In the UK, scientists from Durham, Edinburgh and Belfast universities will fund the instrument, pictured right, which will scour the skies for any asteroids on a collision course with Earth. The PS1 Telescope, on the Pacific island of Maui, Hawaii, is being fitted with the world’s largest digital camera. It will have 1.4 billion pixels – about 300 times as many as a typical camera on sale in the High Street.
The telescope’s nearly 6ft-wide eye – a 71-inch light-collecting mirror – will be used to survey the night sky from the summit of Haleakala mountain more efficiently than ever before.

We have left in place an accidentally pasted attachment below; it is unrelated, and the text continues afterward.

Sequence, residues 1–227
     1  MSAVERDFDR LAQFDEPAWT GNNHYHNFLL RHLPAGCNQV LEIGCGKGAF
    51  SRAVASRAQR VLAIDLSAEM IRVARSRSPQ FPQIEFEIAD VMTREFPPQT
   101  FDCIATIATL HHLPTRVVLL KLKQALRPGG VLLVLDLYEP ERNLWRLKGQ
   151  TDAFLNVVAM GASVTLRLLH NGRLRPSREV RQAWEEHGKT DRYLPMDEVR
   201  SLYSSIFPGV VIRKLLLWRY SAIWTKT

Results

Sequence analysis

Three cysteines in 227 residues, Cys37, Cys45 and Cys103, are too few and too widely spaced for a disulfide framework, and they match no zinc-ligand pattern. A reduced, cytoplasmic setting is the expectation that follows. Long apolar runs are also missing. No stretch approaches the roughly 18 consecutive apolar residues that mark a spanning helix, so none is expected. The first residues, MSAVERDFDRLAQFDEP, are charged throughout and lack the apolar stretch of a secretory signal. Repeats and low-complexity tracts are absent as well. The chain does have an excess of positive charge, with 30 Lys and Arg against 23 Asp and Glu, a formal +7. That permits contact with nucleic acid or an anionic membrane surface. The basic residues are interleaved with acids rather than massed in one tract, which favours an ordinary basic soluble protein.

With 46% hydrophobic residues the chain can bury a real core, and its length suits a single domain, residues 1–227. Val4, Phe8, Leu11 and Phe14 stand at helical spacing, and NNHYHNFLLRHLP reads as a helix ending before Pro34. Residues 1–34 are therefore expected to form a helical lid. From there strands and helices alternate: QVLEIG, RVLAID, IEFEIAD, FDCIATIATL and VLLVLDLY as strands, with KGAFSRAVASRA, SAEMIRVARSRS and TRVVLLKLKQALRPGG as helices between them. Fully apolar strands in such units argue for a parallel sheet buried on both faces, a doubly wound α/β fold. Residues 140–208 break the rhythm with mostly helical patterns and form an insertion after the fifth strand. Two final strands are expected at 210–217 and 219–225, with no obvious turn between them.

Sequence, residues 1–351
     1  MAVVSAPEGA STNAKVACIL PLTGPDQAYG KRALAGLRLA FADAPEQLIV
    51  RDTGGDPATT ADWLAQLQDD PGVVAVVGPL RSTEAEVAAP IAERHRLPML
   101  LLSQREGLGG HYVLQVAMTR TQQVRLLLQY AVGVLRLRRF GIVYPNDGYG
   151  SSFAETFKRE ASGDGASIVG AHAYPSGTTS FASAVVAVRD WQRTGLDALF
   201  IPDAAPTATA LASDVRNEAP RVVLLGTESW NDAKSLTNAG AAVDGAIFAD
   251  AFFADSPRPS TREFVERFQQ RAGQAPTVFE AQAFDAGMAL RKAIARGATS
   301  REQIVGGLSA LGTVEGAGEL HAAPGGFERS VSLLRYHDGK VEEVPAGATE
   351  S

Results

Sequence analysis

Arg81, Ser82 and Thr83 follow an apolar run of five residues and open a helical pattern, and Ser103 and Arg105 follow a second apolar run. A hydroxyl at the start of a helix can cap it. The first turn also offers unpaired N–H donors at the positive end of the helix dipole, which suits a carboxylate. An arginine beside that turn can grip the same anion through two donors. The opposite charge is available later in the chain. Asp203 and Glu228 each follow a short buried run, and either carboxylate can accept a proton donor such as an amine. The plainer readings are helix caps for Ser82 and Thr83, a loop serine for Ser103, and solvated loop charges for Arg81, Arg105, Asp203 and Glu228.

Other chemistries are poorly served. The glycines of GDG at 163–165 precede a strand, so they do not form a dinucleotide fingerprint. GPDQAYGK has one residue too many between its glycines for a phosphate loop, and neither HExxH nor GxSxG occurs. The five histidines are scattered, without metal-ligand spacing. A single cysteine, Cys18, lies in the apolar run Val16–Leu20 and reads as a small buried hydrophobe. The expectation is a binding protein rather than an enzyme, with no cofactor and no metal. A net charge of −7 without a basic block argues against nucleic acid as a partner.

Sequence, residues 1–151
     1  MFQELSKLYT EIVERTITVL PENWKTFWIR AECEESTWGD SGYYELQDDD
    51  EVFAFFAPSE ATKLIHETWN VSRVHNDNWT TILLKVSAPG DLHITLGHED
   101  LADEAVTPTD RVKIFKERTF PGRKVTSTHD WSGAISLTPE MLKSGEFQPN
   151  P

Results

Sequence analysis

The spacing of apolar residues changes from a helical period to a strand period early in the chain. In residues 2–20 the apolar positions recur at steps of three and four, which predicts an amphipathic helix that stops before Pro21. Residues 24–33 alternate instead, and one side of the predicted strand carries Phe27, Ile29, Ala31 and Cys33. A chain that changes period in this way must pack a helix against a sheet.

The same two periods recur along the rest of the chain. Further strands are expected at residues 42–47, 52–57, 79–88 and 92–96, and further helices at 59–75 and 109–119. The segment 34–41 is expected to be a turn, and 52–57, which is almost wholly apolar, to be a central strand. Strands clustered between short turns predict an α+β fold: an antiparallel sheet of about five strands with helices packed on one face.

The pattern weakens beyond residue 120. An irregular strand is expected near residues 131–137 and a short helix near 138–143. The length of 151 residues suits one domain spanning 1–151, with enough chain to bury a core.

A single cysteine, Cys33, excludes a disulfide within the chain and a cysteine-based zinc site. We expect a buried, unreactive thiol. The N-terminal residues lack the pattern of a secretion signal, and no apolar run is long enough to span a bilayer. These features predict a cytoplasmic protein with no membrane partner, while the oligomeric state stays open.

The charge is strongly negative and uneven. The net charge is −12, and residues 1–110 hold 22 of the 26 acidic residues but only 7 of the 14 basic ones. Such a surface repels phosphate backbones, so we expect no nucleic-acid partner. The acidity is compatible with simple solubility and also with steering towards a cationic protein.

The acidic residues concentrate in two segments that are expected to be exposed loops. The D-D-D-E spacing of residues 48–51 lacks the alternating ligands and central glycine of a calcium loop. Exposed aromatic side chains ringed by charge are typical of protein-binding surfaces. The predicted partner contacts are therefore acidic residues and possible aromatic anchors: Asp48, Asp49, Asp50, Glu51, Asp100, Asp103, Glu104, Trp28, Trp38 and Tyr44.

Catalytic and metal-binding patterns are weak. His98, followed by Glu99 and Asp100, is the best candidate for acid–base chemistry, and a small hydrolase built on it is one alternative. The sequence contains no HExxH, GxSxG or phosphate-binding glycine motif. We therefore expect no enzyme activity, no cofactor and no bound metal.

The telescope, set up by the University of Hawaii, is expected to discover billions of new stars, galaxies and solar system objects including potential “killer asteroids” when it begins operations next year. Astronomers say it will also produce the most detailed three-dimensional map of the universe ever made.
More than 30 world-renowned scientists and their graduate students have agreed to analyse the flood of data expected from the telescope over the next three and half years.
Project leader Kenneth Chambers said: “We decided to recruit a number of top astronomers to join us in order to make the best use of this fantastic instrument.”
The worldwide consortium will contribute about $10 million (£5.3 million) to cover the cost of operating the telescope.
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